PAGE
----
I’m a judgemental email sender and an anxious email recipient. When I send someone an email, I judge them based on their response time: instant? slow? eternal?
And by judgement, let me be clear: I’m not judging them on their email skills alone. Increasingly, I use email response time as an indicator of someone’s intrinsic worthiness as a human being. Non-responders are rude and unreliable; instant responders are clearly people with too much time on their hands.
Of course, my readiness to judge others leads me to assume that others are judging me: thus, my anxiety about how quick I respond to the latest missive in my inbox. An email happens to arrive just as I’m doing my brain-clearing inbox-check; the answer is easy, so I might as well respond instantly. But will that make me look like an idle slacker? Or maybe the email isn’t so easy-to-answer, so I set it aside, and then suddenly remember the unanswered message a week later: Oh no! They’ll think I’m a total flake!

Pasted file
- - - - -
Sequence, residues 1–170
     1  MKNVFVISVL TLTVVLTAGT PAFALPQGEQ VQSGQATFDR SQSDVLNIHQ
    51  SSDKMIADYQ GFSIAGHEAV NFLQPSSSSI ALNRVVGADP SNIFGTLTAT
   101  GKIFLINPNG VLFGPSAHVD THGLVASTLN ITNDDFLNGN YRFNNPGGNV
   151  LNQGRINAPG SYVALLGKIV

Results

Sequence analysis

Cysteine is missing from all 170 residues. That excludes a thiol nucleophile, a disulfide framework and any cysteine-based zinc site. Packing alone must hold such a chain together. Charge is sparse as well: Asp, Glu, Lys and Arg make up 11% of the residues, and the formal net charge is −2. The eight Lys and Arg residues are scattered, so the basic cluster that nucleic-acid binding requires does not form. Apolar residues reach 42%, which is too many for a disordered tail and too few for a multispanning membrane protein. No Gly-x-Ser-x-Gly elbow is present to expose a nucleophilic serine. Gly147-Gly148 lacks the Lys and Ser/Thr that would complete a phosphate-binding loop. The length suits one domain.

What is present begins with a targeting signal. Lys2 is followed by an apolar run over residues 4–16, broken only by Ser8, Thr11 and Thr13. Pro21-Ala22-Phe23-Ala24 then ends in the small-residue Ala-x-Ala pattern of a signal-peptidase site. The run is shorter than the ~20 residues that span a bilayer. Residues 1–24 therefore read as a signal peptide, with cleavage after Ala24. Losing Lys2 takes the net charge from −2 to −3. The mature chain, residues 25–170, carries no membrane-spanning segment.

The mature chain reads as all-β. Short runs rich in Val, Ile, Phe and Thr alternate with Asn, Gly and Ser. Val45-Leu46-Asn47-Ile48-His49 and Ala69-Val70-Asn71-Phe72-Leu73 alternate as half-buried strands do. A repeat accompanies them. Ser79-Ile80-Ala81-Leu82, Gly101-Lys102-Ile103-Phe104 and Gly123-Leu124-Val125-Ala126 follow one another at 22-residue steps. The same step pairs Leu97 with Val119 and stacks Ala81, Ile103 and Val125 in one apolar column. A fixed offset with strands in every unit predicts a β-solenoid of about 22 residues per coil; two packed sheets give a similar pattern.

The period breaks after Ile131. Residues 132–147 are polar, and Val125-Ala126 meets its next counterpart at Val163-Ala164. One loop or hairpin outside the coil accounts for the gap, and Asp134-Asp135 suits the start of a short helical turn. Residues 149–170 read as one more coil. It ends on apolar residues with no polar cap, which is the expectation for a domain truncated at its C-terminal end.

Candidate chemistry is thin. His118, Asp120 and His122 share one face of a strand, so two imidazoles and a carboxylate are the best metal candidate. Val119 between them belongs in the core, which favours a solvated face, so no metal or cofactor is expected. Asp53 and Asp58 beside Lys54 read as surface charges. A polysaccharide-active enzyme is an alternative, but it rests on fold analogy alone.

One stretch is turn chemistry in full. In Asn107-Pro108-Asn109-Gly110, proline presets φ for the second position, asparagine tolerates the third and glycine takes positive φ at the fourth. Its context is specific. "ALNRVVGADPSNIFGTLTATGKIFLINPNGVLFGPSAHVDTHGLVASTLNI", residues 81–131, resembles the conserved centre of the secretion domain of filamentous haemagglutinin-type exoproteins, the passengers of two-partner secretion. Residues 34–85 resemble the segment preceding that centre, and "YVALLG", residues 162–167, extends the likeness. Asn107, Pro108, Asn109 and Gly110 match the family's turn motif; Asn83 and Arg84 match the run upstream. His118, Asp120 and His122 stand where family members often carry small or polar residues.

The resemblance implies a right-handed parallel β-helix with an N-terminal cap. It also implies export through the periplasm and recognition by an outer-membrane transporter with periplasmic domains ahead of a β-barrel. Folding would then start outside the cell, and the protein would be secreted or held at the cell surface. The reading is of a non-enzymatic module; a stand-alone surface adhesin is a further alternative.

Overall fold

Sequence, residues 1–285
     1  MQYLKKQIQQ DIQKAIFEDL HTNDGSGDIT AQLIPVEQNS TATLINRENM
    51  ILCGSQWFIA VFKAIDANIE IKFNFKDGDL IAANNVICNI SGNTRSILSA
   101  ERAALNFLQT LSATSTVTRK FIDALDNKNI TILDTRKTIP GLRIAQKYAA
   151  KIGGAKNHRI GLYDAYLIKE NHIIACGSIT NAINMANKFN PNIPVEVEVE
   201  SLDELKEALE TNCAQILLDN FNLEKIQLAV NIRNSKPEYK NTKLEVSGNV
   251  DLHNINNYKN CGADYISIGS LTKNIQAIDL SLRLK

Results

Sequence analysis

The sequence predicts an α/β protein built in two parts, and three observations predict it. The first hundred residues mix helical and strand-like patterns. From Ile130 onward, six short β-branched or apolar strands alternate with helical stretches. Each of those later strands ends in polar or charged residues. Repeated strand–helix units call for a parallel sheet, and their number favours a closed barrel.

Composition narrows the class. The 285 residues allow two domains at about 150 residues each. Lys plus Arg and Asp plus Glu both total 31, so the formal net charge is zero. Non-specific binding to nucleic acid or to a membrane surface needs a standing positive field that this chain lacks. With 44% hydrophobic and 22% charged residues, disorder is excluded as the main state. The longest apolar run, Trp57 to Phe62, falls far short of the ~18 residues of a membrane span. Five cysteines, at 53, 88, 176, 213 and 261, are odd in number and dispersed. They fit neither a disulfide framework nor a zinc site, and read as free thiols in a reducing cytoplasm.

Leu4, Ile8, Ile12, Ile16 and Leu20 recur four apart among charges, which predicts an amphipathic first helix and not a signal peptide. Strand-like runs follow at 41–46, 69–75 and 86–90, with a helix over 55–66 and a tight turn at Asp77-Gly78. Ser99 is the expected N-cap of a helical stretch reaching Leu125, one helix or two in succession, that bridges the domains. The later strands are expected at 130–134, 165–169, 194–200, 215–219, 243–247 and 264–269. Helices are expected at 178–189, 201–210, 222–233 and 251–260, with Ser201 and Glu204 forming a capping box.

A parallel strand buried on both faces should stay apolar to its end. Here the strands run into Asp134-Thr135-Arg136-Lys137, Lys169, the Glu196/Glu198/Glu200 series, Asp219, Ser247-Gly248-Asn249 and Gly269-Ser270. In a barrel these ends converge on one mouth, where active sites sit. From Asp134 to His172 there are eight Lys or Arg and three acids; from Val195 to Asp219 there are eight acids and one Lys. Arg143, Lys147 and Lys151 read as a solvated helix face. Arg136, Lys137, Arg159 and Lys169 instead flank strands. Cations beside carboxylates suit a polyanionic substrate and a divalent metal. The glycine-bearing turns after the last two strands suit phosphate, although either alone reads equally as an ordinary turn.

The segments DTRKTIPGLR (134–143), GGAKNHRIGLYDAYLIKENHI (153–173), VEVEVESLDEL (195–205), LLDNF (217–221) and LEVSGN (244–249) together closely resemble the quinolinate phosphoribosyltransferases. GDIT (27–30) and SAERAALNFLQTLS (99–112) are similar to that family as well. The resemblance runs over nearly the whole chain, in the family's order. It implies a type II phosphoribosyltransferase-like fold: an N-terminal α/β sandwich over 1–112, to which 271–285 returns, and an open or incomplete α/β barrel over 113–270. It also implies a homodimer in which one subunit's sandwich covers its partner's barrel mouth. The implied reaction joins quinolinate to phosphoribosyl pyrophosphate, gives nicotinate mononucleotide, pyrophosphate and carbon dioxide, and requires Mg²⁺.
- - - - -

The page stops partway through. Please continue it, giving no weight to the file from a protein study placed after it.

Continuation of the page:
All this judging — of self and others — reminds me of the famous George Carlin line: “Have you ever noticed that anybody driving slower than you is an idiot, and anyone going faster than you is a maniac?” On email, the same principle holds true: people who reply (much) faster have too much time on their hands, and people who reply (much) slower are simply rude.
But in the normal curve of email response times, where are the cut-off points? What’s the speed of email response that makes someone look unpardonably slow? Suspiciously fast? I’m curious to hear what the response time is that you think constitutes the cut-off line on each side of the curve.
First posted on October 2,2012